July 14, 1997 |
Cuban exiles marked the 1994 sinking of a tugboat that killed 41 Cubans but were without their leader, whose vessel was confiscated by U.S. authorities after he vowed to enter Cuba's waters. Ramon Saul Sanchez, head of the group Democracy Movement, headed toward Cuba about midnight Saturday when U.S. Marshals and Coast Guard officials ordered him off his boat.
January 1, 1997 |
He is the most influential man in the history of this city--and the most despised. Everywhere, every day, talk of Fidel Castro swirls through the air like smoke from a hand-rolled cigar. "He is a dictator who brought pain, suffering and killing to Cuba. There is nothing, not one positive thing, about Fidel Castro," says fiery radio commentator Ninoska Perez, barely lifting the lid on the reserves of passion and vitriol that the bearded Cuban leader evokes here.
February 18, 1996 |
The acquittal of two high-living friends accused of smuggling $2.1 billion in cocaine was a rejection of prosecutors' reliance on plea deals and smugglers' testimony, a defense lawyer said in Miami. Willie Falcon and Sal Magluta, who emigrated from Cuba as boys and were high school friends in the early 1970s, were acquitted by a jury on all 16 counts. The men, who still face money-laundering charges, were accused of smuggling 75 tons of cocaine from 1978 to 1991.
December 17, 1995 |
When the killer was identified and the mutilated body recovered, the family of 9-year-old Jimmy Ryce, and all of South Florida, hoped that a three-month torment over the boy's fate soon would end. The fourth-grader's parents had turned the search for their son into a national crusade for all abducted children. But the identity of the man charged Dec.
November 8, 1995 |
Six weeks after flying in from the U.S. naval base at Guantanamo Bay, Cuba, Lester Torres and his cousin Pavel Cruz have enrolled in English classes, obtained Florida driver's licenses and discovered a suburban singles bar called Cafe Iguana. Torres, 23, has decided that he prefers non-Latin women. "They are less temperamental than Cuban Americans." Hearing this, Cruz, 22, rolls his eyes, as if to say, "I'm not so sure of that."
May 8, 1995 |
An 18-wheeler blocked six lanes leading to the Port of Miami on Sunday as Cuban Americans protested the new U.S. policy of sending Cuban rafters back home. About 200 people climbed on the truck and jumped police barricades outside the port, where a cruise ship that had picked up 13 Cuban refugees last week docked before dawn. More than 100 officers tried to control the crowd.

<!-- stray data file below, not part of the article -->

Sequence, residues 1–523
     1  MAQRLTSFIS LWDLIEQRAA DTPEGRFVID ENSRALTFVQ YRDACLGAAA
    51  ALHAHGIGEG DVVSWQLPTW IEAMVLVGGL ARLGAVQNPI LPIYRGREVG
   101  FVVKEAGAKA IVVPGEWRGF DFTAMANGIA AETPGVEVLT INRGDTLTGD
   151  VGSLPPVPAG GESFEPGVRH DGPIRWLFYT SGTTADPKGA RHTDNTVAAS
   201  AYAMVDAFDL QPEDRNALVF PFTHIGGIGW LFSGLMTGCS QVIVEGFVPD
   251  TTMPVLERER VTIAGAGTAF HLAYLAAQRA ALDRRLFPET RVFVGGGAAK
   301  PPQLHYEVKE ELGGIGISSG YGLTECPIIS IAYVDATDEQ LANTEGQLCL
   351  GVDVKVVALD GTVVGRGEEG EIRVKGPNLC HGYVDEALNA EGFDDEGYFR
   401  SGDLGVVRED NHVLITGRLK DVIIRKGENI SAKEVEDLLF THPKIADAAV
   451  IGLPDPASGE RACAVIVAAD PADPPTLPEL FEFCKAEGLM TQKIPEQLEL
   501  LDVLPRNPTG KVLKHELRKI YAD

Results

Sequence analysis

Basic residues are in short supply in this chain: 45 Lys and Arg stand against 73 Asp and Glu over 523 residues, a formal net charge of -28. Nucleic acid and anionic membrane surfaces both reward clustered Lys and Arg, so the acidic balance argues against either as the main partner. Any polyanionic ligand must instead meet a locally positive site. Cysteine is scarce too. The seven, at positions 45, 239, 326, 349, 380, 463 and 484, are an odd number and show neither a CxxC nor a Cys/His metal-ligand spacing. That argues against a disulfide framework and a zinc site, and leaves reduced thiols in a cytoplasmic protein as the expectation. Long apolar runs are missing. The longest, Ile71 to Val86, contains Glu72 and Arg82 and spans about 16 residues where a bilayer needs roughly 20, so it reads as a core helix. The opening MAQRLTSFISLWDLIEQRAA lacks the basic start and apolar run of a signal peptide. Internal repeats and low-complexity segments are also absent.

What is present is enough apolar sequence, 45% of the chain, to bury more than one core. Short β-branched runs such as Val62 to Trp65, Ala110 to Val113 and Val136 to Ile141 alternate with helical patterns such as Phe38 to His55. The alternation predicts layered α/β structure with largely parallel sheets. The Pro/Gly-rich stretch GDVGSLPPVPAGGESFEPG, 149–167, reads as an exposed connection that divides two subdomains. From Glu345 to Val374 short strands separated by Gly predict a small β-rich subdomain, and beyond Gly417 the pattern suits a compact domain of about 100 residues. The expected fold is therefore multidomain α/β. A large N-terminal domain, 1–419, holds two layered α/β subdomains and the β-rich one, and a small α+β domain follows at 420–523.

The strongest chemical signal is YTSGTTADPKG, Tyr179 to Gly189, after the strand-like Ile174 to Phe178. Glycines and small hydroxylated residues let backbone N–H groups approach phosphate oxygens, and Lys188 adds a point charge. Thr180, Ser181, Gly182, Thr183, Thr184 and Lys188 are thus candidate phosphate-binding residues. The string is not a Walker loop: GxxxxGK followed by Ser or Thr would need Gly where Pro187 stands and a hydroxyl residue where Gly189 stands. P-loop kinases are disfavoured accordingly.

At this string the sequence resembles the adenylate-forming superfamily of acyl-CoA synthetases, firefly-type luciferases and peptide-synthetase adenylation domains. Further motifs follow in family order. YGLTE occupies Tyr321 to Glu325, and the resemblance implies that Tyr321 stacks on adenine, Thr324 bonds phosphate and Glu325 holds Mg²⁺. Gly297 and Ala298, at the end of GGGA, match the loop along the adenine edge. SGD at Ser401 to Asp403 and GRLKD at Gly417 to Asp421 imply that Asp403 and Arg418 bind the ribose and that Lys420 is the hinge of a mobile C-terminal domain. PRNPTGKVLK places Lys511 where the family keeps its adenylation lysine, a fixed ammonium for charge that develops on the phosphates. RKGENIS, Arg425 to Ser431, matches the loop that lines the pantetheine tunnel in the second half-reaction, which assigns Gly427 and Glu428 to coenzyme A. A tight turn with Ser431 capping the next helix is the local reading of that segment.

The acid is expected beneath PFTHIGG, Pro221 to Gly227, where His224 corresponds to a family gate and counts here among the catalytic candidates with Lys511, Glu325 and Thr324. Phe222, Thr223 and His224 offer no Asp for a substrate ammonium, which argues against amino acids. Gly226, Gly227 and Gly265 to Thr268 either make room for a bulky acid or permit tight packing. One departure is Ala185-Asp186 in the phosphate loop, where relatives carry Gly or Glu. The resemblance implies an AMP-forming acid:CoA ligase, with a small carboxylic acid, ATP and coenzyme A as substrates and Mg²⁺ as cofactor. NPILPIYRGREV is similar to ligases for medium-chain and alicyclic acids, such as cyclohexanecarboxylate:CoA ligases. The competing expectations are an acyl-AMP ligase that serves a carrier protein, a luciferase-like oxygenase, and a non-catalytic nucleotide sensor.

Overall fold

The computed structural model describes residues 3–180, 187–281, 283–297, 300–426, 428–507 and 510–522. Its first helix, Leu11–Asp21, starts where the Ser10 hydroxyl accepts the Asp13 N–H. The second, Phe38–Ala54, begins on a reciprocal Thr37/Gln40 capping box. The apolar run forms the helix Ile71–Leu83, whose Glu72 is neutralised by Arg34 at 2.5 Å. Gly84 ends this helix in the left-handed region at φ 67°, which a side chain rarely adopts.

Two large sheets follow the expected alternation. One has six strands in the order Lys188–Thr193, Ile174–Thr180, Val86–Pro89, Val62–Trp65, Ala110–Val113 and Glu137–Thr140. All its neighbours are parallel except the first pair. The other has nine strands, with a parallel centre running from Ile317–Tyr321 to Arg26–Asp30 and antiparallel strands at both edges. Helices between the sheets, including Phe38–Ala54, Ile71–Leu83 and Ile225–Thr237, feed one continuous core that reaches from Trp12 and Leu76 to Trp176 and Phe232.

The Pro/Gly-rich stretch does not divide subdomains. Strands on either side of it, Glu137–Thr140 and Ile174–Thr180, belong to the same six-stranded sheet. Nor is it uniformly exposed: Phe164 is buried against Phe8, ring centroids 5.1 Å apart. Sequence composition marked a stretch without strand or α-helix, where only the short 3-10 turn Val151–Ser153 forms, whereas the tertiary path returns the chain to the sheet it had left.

April 19, 1995 |
As Fidel Castro begins his 37th year as Cuban president, expectations are lower than ever among Miami's exile community that the gray-bearded leader's rule is about to end. Only 14% of those questioned in a recent poll think he will fall from power this year. But that does not mean Cuba or Castro has lost any incendiary power among Cuban Americans.
March 18, 1995 |
Six months after the Clinton Administration shut off a chaotic tide of Florida-bound Cuban rafters with a naval blockade and a vow that none would be permitted into the United States, refugees are being airlifted here from a detention camp at a rate of almost 500 a week. In three weekly flights from the U.S.
February 15, 1995 |
Forty Cuban refugees swam ashore to a west Florida beach and were headed for a detention center in Miami on Tuesday, while U.S. officials decided what to do with 17 others being held aboard a Coast Guard cutter after they were plucked from a boat half a mile off the coast. One other Cuban, suffering from exposure and back pain, was being held overnight in a Venice, Fla., hospital, said Cpl. Mike Bessette of the Sarasota County Sheriff's Department.
February 6, 1995 |
In this city's Cuban exile community, where rumors are routinely as thick as the espresso coffee, this one was unusually sweet: By dialing a special five-digit access code, callers could talk to people on the island free. And talk they did. "I spent at least 20 hours on the phone to my parents in Cuba," said Eduardo Garcia, a Miami plumber. "They were so happy to hear from us. And since they were testing the line, the calls were free."